Wednesday, May 23, 2007

Anti-Social Social Software - How far is Too Far?

The social software revolution has been, more or less, about openness. Transparency and freedom have been the order of the day. "Information wants to be free!" goes the mantra, and by and large it's hard to argue against it. All kinds of information that has always been publically available is becoming gathered together, cross referenced and made searchable by the new wave of social software mashups and visualisations, and those who expressed doubt or indignation about this approach have been dismissed as relics of a bygone era, who "just don't get it".

(I'm including myself in this, by the way. Trampoline's Enron Explorer is a perfect case in point. The information was already public domain, and we weren't even the first to visualise it - we just put a Web 2.0 face on it, and got lucky with the timing.)

But now and again there comes an application of this philosophy that makes me wonder how far is too far? Enter the charmingly named

According to the New York Times:

The site was started by Sean Bucci in 2004, after he was indicted in federal court in Boston on marijuana charges based on information from an informant.

Initially free, it now charges charges between $7.99 for a week and $89.99 for life. You don't have to be as cynical as me to take a guess as to the kind of people who will happily pay to see names and mugshots of the 4,300 informers and 400 undercover agents that the site says it has identified.

So is this too far?
Is it possible to define a clear moral line between a "good" use of public-domain data and "bad" ? Even if it is possible, should we?
Should some usages be permitted but not others? How do we tell the difference?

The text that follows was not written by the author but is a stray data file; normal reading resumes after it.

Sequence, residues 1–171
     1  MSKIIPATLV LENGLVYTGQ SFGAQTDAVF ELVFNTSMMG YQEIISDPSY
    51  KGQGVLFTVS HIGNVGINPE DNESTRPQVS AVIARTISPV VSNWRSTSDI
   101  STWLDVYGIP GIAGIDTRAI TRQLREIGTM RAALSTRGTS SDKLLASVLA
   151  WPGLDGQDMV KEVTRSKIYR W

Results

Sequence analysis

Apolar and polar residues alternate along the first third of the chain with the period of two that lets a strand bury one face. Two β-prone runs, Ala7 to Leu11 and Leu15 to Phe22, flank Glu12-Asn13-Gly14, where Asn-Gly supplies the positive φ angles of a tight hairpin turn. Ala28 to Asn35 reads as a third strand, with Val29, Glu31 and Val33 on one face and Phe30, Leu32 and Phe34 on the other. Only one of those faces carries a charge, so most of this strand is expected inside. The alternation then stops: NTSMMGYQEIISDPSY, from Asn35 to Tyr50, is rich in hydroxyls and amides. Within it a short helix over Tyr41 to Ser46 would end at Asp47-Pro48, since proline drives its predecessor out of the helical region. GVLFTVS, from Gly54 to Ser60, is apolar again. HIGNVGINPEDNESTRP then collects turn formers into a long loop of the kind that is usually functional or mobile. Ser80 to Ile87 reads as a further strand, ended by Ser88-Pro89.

What is it that actually makes me uneasy about this?

The trouble is that any time you actually try to define what's acceptable and what isn't, in clear unambiguous language, you can always find a counter-example that destroys your mental partitioning of the world and means you have to start again.

The only way I can put my finger on what bothers me about the site is to refer to the intent behind it. Where the intent behind a mashup like Chicago Crime could reasonably be argued to be beneficial to society in some way, Who's A Rat is clearly not.

But even that definition is full of ambiguity. Who's A Rat may well be of immense benefit to certain segments of society (Hal Helms' "Vinny" persona, for one) and Chicago Crime could be argued to be detrimental to, say, property owners in high-crime areas who are looking to sell.

I guess the hoary old cliche applies just as much to information as to people : with great freedom comes great responsibility. We can't on the one hand argue that information needs to be free, yet on the other hand argue that it can only be free for usages that we like. Either the information is out there or it isn't, and I guess that if we want to gain the benefits of information freedom, we have to be prepared to tolerate the drawbacks.


Boyzoid said...

I would have to say this goes way over the line of acceptable. Posting the names and pictures of informants and undercover officers is putting the lives of those listed in danger (even more danger than their roles would normally dictate).

When it comes to acceptable use of information, I look at it like a judge once described pornography, I cannot accurately define it, but I know it when I see it.

Alistair Davidson said...

I agree, I think that the intent here is clearly to harm, in whatever way - even if "just" by scaring, and that, to me is why it's unacceptable.

Ben Nadel said...

I don't get shocked by much, but this is just wrong. There's quite a huge difference between having information be public and celebrating the fact that you can exploit potentially very harmful information.

Alistair Davidson said...

Ben : absolutely, it's obviously repugnant to my personal moral compass - the trouble comes when you try to define a rule as to what's wrong and what isn't. Give it a go, just as an intellectual exercise. It's trickier than you think.

Trent said...

You should discuss these Web 2.0 applications over at and see what others have to say!